That said, I think I was an okay designer, but I didn’t think I was going to be the best designer. So I thought that I had to find what I was best at. I learned that I had a stronger skill set of understanding the bigger picture of marketing and branding than I did graphic design. 

How did you meet singer Deborah Cox (the contact that would help Decosta make his initial foray into the world of celebrity branding)? 

It was a meeting that was set up by mutual contacts–specifically our lawyers. I can’t remember exactly how the meeting came about… this was in 1998.   

Okay, but that obviously lead to meeting Will Smith. What was that like? 

Weird at first. I was and still am a Will Smith fan. He’s a great guy. There was a change in management that brought us together. We started working with Overbrook Entertainment, Smith’s entertainment company.

What it’s like to work with Will Smith?

I’ll say this: first of all, he and his family are genuine, friendly, good natured people. They really care about the people that are around them and the people that they choose to work with them. If you’re working with them, you’re treated like family. There’s a mutual respect and loyalty. 

In my opinion, one of the most interesting clients you help manage is the estate of Tupac Shakur. What is like to manage this brand that is not only well-established, but one that so many people are invested in? I imagine there’s a kind of weight to managing a brand like that?

It’s been a revelation. Most of the other brands we work with it’s a fan/artist relationship. With the Tupac brand, however, it’s almost like a religion: It’s a movement that’s in the air and that you can’t touch. There’s an undying love a lot of people have to something greater than even Tupac; it’s about the things that he believed in and stood for while he was alive.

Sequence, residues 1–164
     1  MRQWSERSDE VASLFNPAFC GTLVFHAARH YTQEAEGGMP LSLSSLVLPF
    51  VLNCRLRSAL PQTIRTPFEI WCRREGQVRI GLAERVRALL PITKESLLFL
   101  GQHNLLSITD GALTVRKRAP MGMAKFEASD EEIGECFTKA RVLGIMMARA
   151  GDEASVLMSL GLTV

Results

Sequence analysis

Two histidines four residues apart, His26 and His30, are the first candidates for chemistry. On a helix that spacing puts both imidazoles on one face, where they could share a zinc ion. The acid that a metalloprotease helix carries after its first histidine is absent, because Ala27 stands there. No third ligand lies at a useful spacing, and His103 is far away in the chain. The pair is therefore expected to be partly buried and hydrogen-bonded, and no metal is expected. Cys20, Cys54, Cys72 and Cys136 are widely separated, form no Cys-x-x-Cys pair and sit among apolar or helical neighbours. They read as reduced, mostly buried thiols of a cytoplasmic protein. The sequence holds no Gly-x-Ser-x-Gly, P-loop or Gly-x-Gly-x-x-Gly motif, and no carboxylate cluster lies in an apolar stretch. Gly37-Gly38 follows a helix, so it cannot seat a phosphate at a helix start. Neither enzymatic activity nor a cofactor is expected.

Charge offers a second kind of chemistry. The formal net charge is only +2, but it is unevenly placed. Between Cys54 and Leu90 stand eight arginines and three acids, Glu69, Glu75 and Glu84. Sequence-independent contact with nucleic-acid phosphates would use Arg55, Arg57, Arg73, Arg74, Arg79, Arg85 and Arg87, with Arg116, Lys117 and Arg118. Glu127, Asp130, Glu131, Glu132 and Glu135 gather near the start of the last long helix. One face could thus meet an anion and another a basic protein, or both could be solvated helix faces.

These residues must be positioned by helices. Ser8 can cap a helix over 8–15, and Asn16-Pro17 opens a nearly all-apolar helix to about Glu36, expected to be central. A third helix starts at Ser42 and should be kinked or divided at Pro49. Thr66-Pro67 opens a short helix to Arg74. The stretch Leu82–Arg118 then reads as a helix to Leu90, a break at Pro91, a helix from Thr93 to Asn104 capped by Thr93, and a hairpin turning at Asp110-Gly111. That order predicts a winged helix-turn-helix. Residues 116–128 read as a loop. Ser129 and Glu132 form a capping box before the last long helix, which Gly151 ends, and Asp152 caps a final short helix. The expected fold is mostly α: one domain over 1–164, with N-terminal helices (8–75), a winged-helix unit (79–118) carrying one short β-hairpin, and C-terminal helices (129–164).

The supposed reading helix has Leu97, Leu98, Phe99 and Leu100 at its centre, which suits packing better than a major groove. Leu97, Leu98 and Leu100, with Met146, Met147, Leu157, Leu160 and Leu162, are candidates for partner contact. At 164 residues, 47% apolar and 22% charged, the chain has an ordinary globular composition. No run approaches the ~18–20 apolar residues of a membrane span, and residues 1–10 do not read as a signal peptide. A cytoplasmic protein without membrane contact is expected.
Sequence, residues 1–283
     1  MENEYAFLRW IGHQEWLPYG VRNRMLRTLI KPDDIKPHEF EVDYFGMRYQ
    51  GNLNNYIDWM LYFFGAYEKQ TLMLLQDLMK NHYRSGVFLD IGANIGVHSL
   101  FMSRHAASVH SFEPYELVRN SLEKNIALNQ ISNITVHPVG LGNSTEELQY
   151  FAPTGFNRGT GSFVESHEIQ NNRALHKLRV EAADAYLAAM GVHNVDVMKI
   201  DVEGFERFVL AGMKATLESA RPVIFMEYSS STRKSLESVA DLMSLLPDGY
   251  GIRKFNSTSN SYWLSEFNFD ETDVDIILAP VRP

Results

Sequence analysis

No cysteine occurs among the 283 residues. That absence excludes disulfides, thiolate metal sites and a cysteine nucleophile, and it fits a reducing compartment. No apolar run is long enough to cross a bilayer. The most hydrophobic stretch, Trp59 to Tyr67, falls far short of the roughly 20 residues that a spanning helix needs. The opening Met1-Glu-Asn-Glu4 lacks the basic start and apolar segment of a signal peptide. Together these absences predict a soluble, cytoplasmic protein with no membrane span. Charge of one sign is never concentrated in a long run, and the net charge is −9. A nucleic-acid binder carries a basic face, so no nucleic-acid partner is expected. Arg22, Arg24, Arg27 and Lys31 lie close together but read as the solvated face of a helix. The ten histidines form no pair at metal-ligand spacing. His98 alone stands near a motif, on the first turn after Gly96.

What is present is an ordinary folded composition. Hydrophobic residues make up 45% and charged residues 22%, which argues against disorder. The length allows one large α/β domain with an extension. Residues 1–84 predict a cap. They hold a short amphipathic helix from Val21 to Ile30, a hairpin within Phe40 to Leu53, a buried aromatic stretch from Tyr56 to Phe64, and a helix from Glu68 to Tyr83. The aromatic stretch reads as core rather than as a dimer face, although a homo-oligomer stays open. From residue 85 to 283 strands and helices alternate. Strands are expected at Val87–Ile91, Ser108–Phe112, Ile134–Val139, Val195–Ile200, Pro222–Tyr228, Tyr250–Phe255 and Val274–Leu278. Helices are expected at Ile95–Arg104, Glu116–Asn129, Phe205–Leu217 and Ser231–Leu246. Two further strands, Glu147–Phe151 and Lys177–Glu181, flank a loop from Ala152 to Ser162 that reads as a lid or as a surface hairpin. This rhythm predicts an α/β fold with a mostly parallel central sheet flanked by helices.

The challenge with the Tupuc brand is that we have to be very careful with what we do with it. Sometimes we think we’re doing something that is in the best interest of what Tupac stood for, but it can easily be perceived in the wrong way. We get it now; when you have eight million people telling you they don’t like something, you quickly learn what’s acceptable to fans. Now, we’re searching for things that fulfil their needs and bring everyone together.  

Out of curiosity, were you involved with the hologram of Tupac that “preformed” at Coachella? 

We were pitched on the idea by Dr Pepper. We didn’t produce the hologram, but our management team selected the images that helped create it.  

What was your reaction to the pitch? 

I thought it was pretty cool. A lot of Tupac’s most devoted fans now were either not born yet or too young to go see him preform while he was alive, so for them to be able to see something like must have been pretty cool.   

I would think a brand like Will Smith’s or Tupac’s is established and well-respected, so there’s not much work to be done there, but I imagine you’re going to tell me there’s still a lot of work that has to be done to maintain that brand. 

Well, in terms of Will, he’s very careful about what he says–like I said before, he’s a very thoughtful person to begin with–so he’s an easy client to work with that way. But in terms of his brand, the future is something that’s very important to him, especially his kids’ future. They’re growing up and have really exciting projects coming up that we’re working on.